“Kristina was always nagging to get married, and I said you really think that a government ceremony would improve this relationship?” says Crane, co‐founder of the free‐market‐loving, big‐government‐loathing Cato Institute. “And she said yes.”
” ‘Okay,’ I said. ‘Then let’s get a serious government to do it. We’re going to China.’ ” As it happened, Crane was already headed to China. Against the odds, Cato had won permission from the communist government to lead a conference on free market capitalism and limited government — the first American think tank allowed to raise those once‐forbidden ideas behind the Bamboo Curtain.
So on Sept. 26, 1988, after a six‐month battle with bureaucracies in two countries, Edward Harrison Crane and Kristina Knall Herbert were married in People’s Marriage Office No. 9 in Shanghai. That night, Communist Party functionaries joined with Chinese academics and Cato scholars to eat wedding cake, sing songs and toast the newlyweds.
In love as in life, Ed Crane has taken the different path, a single‐minded free thinker whose life has been lived largely out of step with his times — or perhaps a step or two ahead of them.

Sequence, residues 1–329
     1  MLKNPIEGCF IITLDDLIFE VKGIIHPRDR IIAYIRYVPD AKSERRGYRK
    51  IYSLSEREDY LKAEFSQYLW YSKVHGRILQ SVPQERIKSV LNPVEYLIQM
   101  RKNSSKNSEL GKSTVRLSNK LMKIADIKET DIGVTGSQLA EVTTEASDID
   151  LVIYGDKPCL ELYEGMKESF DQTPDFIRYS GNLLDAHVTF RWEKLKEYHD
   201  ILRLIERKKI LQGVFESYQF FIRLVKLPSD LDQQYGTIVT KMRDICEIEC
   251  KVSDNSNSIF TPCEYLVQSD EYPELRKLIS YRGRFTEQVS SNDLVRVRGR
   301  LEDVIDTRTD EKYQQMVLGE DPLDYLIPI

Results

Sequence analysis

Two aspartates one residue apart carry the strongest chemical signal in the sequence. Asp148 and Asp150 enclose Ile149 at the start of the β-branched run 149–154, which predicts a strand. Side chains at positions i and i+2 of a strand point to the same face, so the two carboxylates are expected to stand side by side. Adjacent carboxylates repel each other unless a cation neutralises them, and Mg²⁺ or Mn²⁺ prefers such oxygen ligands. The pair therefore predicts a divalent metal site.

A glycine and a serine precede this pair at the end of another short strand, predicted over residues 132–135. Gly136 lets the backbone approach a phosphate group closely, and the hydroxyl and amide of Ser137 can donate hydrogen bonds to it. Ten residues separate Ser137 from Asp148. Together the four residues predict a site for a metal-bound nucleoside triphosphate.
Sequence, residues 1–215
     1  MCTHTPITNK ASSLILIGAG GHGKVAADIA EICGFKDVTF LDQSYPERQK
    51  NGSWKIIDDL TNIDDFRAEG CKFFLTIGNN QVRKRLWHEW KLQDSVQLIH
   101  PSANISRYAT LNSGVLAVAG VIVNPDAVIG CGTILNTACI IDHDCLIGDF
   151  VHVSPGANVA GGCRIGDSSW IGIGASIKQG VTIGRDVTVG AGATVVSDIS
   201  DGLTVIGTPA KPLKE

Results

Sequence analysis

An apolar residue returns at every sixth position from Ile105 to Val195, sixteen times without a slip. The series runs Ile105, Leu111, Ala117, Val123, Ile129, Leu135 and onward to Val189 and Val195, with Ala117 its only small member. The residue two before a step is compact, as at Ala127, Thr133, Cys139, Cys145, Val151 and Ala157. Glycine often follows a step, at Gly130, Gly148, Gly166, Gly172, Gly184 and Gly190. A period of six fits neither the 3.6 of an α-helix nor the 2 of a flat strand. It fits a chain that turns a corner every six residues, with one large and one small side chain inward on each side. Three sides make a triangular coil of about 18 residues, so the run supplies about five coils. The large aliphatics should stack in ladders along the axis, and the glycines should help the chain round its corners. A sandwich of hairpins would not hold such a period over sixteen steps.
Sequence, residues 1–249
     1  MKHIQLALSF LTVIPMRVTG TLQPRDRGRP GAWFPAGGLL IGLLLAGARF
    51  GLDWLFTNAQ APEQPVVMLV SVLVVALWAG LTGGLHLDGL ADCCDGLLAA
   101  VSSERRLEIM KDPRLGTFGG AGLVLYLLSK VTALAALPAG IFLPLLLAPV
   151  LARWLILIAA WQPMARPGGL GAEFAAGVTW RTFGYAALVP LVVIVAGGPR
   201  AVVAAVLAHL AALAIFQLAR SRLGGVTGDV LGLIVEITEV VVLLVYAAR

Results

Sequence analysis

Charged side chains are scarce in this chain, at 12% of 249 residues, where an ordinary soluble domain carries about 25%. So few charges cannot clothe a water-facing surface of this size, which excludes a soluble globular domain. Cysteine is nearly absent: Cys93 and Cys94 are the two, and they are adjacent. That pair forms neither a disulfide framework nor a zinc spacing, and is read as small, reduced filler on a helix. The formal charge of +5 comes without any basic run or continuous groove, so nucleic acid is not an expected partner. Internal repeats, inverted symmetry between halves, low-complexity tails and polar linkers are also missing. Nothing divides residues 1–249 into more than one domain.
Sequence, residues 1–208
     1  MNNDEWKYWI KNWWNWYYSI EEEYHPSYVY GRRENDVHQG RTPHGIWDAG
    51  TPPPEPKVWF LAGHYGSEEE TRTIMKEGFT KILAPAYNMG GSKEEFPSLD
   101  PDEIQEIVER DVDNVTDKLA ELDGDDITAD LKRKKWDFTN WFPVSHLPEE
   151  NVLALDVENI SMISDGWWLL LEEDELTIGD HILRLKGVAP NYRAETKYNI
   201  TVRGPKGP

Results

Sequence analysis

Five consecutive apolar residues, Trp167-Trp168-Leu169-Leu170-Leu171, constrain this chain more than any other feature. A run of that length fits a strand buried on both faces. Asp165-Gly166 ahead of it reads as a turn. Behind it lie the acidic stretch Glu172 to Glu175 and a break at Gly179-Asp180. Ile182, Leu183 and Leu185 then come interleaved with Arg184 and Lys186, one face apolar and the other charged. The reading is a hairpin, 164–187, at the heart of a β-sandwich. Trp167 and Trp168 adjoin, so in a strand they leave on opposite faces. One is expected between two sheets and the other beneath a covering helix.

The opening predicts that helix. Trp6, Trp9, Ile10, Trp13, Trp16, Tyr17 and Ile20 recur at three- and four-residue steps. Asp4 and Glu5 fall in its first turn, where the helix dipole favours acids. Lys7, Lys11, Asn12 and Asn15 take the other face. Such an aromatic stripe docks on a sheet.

Today Crane, 57, is the longest‐serving think tank president in town and probably the only one who declares that he “doesn’t like politicians and people who like politics.” Nor does he seem to particularly care whether Congress or President Bush embrace his ideas — even as Capitol Hill and the White House have started to pay a bit more attention to Cato’s policy prescriptions.
Crane also may be the only head of a think tank who doesn’t vote in national or local elections. He hasn’t for years, not even for candidates of the Libertarian Party — the party that he led in the 1970s.
Crane calls himself a “genetic libertarian” who cannot “remember a time that I didn’t think it was wrong for some people to tell other people how to live their lives or to spend their money.” To him, the core libertarian principles of personal liberty, free markets and limited government clearly are, in the words of the Founding Fathers, the “self evident” birthright of all human beings.